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/ Source: TODAY
By Julie Pennell

Kaylee Strozyk absolutely hated her home’s original kitchen countertops.

“They were a terrible beige-pink color with wood on the edges,” she told TODAY Home, adding they were “just so, so ugly but still in good condition.”

Before: The original counters were outdated, but still in good condition.Kaylee Strozyk/ Mama and More

After some research on painting counters, the Buffalo, New York, homeowner decided to try her hand at making them look like granite. “I was skeptical that I could actually make the paint look good and that it would hold up well, but I still felt like the risk was low,” she said. “Those counters weren’t getting any uglier!”

For a total of about $35 on supplies, she used her DIY skills to create the look of granite with paint. (You can see the full step-by-step tutorial here.)

Once she primed the counter, Strozyk used a sea sponge to apply five different shades of gray in a random pattern.

After: The "granite" look was created with sponges and paint.Kaylee Strozyk/ Mama and More

“I think absolutely anyone could do this,” she wrote on her blog, adding that she wouldn't consider herself an artistic person. “The sea sponge completely does all the magic of making it look like granite.” This process took about 30 minutes, she said.

The next step was sealing the counter, which Strozyk said was the most challenging part. “It was very difficult to see where I had already applied the sealer and to get it on smoothly,” she said, adding that she learned some tips along the way. “I would have started with a foam roller from the beginning, and it would have been very helpful to have a bright light to show your progress.”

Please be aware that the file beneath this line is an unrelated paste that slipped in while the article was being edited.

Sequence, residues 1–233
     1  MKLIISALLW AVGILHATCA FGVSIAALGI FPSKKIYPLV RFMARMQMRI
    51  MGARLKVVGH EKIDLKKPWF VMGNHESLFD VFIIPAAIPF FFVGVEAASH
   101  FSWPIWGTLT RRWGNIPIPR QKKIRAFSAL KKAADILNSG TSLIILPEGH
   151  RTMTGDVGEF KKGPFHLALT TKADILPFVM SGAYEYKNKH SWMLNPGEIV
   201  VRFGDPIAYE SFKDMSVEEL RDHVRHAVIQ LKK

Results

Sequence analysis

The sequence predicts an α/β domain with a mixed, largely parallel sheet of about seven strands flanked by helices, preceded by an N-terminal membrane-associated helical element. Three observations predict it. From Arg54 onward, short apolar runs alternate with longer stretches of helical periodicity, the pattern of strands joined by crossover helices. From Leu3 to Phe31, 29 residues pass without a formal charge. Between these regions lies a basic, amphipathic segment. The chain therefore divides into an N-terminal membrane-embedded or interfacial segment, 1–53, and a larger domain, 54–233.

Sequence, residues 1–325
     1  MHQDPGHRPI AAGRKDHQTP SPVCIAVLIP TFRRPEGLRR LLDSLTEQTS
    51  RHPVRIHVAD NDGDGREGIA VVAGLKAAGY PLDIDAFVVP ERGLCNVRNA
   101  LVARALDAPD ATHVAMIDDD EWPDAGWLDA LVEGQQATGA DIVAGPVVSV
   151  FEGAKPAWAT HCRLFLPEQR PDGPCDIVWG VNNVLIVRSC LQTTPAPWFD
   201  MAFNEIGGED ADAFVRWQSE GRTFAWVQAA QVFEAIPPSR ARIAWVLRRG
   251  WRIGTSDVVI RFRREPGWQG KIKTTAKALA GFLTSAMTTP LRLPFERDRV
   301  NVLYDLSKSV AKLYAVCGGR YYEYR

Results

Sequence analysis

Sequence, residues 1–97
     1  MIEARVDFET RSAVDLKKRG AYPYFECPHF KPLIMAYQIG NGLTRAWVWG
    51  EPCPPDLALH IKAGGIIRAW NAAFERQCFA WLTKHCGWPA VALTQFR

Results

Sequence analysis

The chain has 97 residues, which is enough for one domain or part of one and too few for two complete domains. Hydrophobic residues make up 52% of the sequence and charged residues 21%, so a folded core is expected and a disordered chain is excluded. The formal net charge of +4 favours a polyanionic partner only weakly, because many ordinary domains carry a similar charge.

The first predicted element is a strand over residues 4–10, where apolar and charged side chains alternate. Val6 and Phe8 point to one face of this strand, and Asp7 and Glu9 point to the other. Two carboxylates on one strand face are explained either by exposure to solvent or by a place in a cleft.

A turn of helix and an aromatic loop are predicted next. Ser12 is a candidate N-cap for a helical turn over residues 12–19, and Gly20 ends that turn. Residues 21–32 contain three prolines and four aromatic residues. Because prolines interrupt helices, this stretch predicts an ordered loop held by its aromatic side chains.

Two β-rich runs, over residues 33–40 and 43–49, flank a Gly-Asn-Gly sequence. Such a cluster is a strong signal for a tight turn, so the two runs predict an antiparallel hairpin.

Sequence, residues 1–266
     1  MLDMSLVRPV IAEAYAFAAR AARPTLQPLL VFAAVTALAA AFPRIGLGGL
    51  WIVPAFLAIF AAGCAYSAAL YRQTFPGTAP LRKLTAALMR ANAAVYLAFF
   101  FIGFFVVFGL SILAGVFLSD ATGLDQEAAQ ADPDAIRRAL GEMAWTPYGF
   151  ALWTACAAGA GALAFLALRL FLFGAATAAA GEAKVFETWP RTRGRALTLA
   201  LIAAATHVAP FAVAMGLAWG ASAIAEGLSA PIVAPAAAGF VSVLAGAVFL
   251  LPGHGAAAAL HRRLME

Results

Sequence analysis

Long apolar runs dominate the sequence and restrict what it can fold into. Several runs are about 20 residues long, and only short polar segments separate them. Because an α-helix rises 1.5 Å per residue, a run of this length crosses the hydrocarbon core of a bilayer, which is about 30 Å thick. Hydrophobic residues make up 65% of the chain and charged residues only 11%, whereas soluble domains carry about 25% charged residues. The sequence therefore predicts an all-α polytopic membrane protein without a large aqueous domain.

But despite that challenge, Strozyk loved the results and said guests never knew they were painted. “When I would mention it to people, they would be shocked.”

Strozyk said no one knew they were painted until she told them.Kaylee Strozyk/ Mama and More

A contractor working in her house was probably the most shocked of all. “He had actually worked with real granite countertops and he said, ‘I would have never, ever guessed that! There’s even a texture to them and everything!’”

Since she painted the counters last August, only one spot needed an update since because someone left a wet pot on it for hours.

“All I had to do was sand a little and re-seal it, which took about 20 minutes,” she said. “I also never put a scalding hot pot right on the counters, but otherwise I really was not careful with them. Nothing else ever showed any signs of wear.”

The “granite” counters were part of a bigger kitchen makeover which was given a seriously impressive update on a $360 budget. Check out the whole DIY transformation at Strozyk’s blog Mama and More.